# Assumptions of Linear Regression

**When not to use Simple Linear Regression? **

We do not use simple linear regression when your dependent variable is categorical (Nominal or Ordinal) (In this case you will need to use Chi-square or Logistic Regression instead of Linear Regression.) or when your main goal is not related to predicting something or when the assumptions of the linear regression are not fulfilled.

## When to use it?

We use it when you have a scale dependent variable and you want to answer the following question: For every unit increase of X how much will Y increase?

What a regression allows you to do is to take a look at one (simple linear regression) or more independent variables (multiple linear regression) and see how the independent variable effects the dependent variable.

**Dependent variable**: This is the variable whose values we want to explain. We call it a dependent variable because its values depend on something else. We denote it as Y. Other names: Predicted, Outcome, Output variable

**Independent variable**: This is the variable that explains the variability of the dependent variable. It values are independent. We denote it as X. Other names: Input variables, Covariates, Features, Predictor variable

The variable that is predicted is called the dependent variable. The variable that I want to predict with is the independent variable.

**y=b0+b1*x+E**

y: dependent variable

b0: intercept or constant

b1: coefficient of X or slope – (usually we pay more attention to this one than to the previous one)

x: independent variable

E: is the error term which we try to minimize

## Assumptions of Simple Linear Regression

There are six assumptions associated with a linear regression model:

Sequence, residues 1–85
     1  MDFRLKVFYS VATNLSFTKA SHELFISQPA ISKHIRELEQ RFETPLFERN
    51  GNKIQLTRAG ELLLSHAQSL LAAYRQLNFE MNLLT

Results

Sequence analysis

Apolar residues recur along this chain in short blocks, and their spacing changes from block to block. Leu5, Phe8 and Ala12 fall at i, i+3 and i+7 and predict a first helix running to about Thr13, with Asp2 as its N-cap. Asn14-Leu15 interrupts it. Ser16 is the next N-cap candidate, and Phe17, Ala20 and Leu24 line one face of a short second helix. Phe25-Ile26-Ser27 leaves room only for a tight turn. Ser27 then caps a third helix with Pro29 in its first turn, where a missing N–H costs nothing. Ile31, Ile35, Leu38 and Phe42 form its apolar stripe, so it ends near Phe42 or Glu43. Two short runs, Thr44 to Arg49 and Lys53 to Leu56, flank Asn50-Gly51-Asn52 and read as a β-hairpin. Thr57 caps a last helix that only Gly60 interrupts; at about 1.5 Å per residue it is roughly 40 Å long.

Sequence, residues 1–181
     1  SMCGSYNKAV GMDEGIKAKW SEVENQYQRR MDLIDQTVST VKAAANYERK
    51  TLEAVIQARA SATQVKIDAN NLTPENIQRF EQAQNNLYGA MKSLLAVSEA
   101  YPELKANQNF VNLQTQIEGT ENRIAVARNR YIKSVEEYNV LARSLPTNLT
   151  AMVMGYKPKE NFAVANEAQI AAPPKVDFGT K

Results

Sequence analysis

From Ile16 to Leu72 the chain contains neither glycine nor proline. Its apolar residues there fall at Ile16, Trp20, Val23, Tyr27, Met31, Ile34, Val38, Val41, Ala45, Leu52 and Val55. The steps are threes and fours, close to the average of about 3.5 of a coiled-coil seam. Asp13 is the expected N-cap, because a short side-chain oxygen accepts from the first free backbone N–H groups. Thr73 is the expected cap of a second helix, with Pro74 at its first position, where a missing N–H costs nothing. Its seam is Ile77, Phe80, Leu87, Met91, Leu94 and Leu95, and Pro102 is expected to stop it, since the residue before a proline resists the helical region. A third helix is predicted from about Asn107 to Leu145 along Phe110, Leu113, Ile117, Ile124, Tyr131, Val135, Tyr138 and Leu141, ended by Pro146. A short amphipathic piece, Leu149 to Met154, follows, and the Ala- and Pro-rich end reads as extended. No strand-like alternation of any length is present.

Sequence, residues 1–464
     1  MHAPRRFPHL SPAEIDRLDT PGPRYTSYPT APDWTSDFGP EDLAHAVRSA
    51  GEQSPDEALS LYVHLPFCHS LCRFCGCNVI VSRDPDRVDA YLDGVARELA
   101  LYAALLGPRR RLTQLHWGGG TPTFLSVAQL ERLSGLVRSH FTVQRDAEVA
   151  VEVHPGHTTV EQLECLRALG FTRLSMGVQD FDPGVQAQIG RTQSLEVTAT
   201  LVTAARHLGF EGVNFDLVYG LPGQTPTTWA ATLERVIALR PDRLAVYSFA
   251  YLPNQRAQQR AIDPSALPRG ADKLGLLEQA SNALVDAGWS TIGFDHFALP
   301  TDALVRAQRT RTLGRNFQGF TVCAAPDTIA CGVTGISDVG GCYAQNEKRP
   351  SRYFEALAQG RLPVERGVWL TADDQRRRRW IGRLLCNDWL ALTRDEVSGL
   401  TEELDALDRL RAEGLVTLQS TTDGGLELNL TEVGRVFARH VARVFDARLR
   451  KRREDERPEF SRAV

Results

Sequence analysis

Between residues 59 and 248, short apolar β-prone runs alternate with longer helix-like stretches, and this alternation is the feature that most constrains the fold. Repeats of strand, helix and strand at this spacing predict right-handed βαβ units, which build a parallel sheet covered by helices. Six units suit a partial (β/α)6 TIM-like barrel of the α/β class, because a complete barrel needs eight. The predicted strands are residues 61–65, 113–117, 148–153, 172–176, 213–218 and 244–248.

**The dependent variable has to be a scale variable**.**Linearity**: The relationship between X and the mean of Y is linear.**Outlier condition****Homoscedasticity**:**nearly normal residuals**(Independence or Errors) The variance of residual is the same for any value of X.**Normality**: the variables(X,Y) have to be normally distributed.

## 1.The dependent variable has to be a scale variable.

## 2. Linearity

Check the Scatter plot for this.

The relationship between the dependent and the independent variable should be linear check using a scatterplot of the data.

## 3.Outlier condition: Check for outliers and extreme values (levarage and influential points):

Check the Scatter plot.

Outliers in regression are observations that fall far from the “cloud” of points. These points are especially important because they can have a strong influence on the regression line.

So, there are 3 types of „deviant” data points: influential data points, high leverage data points and outliers.

## 4. **Homoscedasticity**: **nearly normal residuals**, nearly normal residuals

**Homoscedasticity**=constant variability

For large sample sizes this does not matter.

**Check** using a normal probability plot of residuals or a histogram. Check using a residuals plot (plotting the predicted values and the residuals)

Analyze-Regression-Linear : Plots window -mark the Normal Probability Plot

Question: Are the theoretical residuals normally distributed? We don’t know the theoretical residuals, we only have the observed residuals. Residuals should be nearly normally distributed, centered at 0. This may not be satisfied if there are unusual observations that don’t follow the trend of the rest of the data.

The variability of points around the least squares line (regression line) should be roughly constant. This implies that the variability of residuals around the 0 line should be roughly constant as well.

Put into Y: *ZRESID – standardized residuals

Put into X: *ZPRED – standardized predicted values

What we are looking for here is that if these points more or less fall the line. We see that there is some deviation here (towards the center) but generally the points do seem to fall the line. So, we would assume that we have a normal distribution here. The observed standardized residuals are normally distributed. And then we check if the observed unstandardized residuals are normally distributed. (You can see them in the DataView window, the SPSS program creates these ones after you run the regression.)

Click here for more info (Video)

For another example click here

## 5.Test of Normality for the Variables (Independent and dependent)

We use the Kolmogorov-Smirnov or Shapiro Wilk test.

Analyze-Descriptive Statistics-Explore: Plots – mark: Normality Plots with Tests

If the Sig. value is above 0,05 then we assume that the variable is normally distributed.

If it is 0,05 or less then 0,05 then the variable is not normally distributed.